Omnibus Press, ISBN 978-1-78558-852-5
In 2018 Ian's diary of Mott The Hoople's 1972 USA tour feels as fresh as ever. Written on the road - in hotels, dressing rooms, planes, etc - it presents a fascinating fly-on-the-wall picture of a band on the brink of breaking through in the world's biggest music market. It strips away the glossy facade of the music business and details what life is really like on the road. The endless hum-drum cycle of hotels, dressing-rooms, sound-checks, the travelling, and the band's seeming endless quest for cheap guitars in pawn shops. Ian also finds time to describe the cities they visit (LA he described as 'Sixty miles of freaks, stars, pretenders and dollar worshippers') and the people he meets. He is also quite candid about the other band members, the road crew, and fellow musicians. And, of course, there is the occasional post-gig part and the inevitable aftermath ('I pack from a crawling position... I refuse to read what I wrote last night...').
Ian describes the gigs they play in a candid and honest way, from the triumphant ('...I can hardly write for the excitement') to the badly-organised ('...if ever a gig should have been pulled it was this one'). He also goes in to the minutiae of being in a band, describes flying in detail ('...the seats recline and they even have movies...' - bear in mind that in 1972 flying was still only really available to the well-heeled), how band finances work, and also the recording process from the genesis of a song to the final finished LP and all the pitfalls on the way.
Ian is a witty and engaging writer. This is no dull travelogue - this is a real page-turner, building to a climax at the end. As the winter weather closes in, will they, won't they make it to the last gig in time? Read the book and find out!
There are books a-plenty on the music business, be they biographies of the musicians, the bands, the genres or even the managers but there are very few books if any that describe what it's like to be in a band on the road, especially one that is on the cusp of success after years of hard graft. As such this book is essential reading for anyone with a love of rock music.
This 2018 issue includes a foreword by Johnny Depp, describing Ian as a reluctant rock 'n' roll legend and putting him up there with luminaries such as Mick Jagger and Paul McCartney. His fans have known this for years, but for the casual purchaser such praise is necessary. There is an introduction by Mott/Ian biographer Campbell Devine describing the background to the diary, informing us for example that the pawn shops they frequented were often in the roughest part of town (which, in the USA, means very rough indeed). The main text is interspersed with many (1972-era) photos that are new to this edition. We also get Ian's much shorter Japan Diary, which is an account of Ian's short 2015 tour (his first there) which was first published in Mojo magazine. Finally there is a short 'afterword' by Ian.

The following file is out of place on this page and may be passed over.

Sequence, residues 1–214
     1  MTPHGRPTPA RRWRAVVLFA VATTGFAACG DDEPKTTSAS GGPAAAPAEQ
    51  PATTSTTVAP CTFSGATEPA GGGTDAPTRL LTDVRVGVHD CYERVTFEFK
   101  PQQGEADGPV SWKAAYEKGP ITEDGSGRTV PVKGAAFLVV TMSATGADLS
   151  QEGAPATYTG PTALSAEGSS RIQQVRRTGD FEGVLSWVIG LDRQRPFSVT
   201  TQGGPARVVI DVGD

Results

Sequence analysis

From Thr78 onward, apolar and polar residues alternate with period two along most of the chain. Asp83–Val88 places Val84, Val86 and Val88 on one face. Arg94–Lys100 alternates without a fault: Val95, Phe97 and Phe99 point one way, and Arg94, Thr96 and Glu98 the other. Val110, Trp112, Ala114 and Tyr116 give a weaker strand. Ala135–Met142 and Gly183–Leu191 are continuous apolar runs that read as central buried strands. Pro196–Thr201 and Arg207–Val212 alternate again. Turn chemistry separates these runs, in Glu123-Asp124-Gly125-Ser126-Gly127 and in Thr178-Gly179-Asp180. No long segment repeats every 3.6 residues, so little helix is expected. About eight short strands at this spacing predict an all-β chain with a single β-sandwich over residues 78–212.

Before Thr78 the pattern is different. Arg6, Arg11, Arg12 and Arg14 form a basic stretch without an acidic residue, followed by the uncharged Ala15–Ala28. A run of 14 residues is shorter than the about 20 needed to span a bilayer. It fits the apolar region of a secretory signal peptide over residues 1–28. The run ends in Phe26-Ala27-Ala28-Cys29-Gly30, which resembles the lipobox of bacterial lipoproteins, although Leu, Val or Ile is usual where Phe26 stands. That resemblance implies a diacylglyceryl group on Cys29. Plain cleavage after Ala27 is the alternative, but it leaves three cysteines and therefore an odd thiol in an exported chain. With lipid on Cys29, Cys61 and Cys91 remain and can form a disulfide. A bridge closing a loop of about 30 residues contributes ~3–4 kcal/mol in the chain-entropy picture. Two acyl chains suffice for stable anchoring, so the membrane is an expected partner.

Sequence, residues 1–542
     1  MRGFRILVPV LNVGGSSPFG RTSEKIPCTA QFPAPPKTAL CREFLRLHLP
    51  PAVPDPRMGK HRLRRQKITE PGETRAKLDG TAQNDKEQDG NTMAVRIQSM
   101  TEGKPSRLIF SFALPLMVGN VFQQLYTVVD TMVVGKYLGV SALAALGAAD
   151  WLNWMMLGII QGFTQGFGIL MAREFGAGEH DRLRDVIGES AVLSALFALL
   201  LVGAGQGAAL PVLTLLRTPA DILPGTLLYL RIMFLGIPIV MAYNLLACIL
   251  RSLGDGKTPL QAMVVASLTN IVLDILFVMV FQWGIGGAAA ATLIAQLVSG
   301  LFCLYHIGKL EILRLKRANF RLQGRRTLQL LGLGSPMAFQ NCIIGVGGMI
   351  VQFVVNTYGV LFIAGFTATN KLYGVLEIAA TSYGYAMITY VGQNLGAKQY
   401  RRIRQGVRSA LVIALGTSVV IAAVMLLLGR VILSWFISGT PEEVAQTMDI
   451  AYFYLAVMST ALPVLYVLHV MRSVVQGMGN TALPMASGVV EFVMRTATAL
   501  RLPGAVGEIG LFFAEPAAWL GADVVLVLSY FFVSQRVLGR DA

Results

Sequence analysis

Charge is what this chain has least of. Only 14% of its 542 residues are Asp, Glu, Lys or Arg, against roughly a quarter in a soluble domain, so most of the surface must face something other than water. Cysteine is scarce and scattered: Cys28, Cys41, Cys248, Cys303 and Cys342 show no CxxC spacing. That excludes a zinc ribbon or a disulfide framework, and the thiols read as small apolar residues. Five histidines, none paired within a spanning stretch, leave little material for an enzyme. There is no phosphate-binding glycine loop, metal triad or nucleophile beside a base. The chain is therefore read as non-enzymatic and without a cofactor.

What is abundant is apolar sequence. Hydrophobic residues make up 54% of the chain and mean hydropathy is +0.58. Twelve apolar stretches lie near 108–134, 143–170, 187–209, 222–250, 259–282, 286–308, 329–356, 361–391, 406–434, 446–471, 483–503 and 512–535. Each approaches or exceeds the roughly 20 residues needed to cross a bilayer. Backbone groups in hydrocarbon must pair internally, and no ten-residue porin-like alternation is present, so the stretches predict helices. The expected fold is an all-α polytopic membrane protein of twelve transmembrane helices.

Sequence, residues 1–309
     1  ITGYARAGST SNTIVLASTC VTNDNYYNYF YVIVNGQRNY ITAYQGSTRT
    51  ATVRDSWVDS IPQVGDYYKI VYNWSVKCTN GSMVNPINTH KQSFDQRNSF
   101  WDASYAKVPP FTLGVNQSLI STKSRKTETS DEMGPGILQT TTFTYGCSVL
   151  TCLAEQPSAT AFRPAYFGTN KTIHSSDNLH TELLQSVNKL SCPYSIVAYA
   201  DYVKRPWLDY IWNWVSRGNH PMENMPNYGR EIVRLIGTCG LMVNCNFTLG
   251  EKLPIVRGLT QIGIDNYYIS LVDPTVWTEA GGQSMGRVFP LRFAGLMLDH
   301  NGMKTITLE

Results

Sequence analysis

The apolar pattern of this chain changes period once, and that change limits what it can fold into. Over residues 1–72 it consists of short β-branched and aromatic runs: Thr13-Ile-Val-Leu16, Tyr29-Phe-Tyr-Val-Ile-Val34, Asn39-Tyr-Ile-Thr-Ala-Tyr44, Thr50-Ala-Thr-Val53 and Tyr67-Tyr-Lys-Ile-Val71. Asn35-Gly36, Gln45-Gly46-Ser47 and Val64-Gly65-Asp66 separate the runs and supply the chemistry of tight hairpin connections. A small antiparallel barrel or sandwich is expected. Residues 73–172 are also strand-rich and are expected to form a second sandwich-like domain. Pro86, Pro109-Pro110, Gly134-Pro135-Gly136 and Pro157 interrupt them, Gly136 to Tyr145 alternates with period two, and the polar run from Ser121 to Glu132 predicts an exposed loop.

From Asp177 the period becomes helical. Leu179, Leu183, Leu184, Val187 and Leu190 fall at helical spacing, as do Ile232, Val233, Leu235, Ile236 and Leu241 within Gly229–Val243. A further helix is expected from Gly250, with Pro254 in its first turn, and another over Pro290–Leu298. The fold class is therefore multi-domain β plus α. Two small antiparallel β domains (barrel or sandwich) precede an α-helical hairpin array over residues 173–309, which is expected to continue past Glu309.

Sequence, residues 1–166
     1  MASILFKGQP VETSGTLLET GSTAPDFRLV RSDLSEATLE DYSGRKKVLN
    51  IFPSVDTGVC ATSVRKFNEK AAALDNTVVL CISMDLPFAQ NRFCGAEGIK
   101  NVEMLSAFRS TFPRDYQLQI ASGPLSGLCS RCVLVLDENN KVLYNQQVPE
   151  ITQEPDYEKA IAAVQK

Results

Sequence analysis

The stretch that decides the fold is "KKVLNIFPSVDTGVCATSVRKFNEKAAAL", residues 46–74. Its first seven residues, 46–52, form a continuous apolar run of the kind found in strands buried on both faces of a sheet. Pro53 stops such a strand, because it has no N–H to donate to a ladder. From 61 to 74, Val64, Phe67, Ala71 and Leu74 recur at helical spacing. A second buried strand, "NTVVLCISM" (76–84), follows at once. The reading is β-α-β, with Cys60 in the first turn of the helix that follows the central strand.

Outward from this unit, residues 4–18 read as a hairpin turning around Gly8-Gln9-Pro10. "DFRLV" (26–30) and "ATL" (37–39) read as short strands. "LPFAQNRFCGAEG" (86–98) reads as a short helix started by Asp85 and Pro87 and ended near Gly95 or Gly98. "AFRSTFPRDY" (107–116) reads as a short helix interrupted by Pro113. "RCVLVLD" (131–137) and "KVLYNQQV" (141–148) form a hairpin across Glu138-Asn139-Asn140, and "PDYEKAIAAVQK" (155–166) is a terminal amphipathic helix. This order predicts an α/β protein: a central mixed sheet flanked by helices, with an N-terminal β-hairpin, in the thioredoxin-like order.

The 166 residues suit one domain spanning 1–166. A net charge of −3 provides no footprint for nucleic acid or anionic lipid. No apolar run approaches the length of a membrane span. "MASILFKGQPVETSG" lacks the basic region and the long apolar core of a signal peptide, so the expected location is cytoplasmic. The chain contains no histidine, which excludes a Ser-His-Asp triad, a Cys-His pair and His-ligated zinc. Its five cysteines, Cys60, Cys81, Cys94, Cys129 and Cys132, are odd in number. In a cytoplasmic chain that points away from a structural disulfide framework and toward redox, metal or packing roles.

All in all, an excellent reissue and as essential as ever.
For many years, the only book (apart from Willard Manus' novel which supplied the name) has been Ian Hunter's Diary of a Rock and Roll Star (published in the States under the title Reflections of a Rock and Roll Star), which was written during Mott's November/December 1972 tour of the USA.
It was written as it happened - on the plane, in hotel rooms, wherever. It chronicles the endless travelling, the hotels, sound-checks, performances... it strips away the glossy facade of the rock star the PR people would have us believe and lays bare what life is really like on the road.
Originally published in 1974, it was a best-seller for two years before the publishers discontinued it to concentrate on other titles. Thus, Diary gained cult status, becoming increasingly difficult to find, even in secondhand bookstores. But over the years, demand remained strong, until finally Ian's wife Trudi bought the rights to it (without telling Ian!).
Diary was re-published in 1996, this time by International Music Press. It had a new foreword by Andrew Collins (of Q magazine), and new notes on the back cover, but was otherwise identical to the original (as you would expect). Oh, and the price had gone up to GBP8.95 - my original 1974 copy cost 50p!
It is, sadly, out of print again. Ian says he is waiting for the right offer to come along - let's hope we don't have to wait too long.
The October 1996 issue of Q magazine has given it a good review, saying that it "may well be the best rock book ever". I have heard from several people that it is certainly the best-written rock book... indeed, in the mid-1990's Per Stam from Sweden presented a paper at a literature/culture studies conference comparing Diary with Umberto Eco's Travels in Hyperreality, where he gave Hunter's book some praise and Eco's some complaints.
Even if you are not a fan of Ian or Mott, this book is essential reading for any rock fan.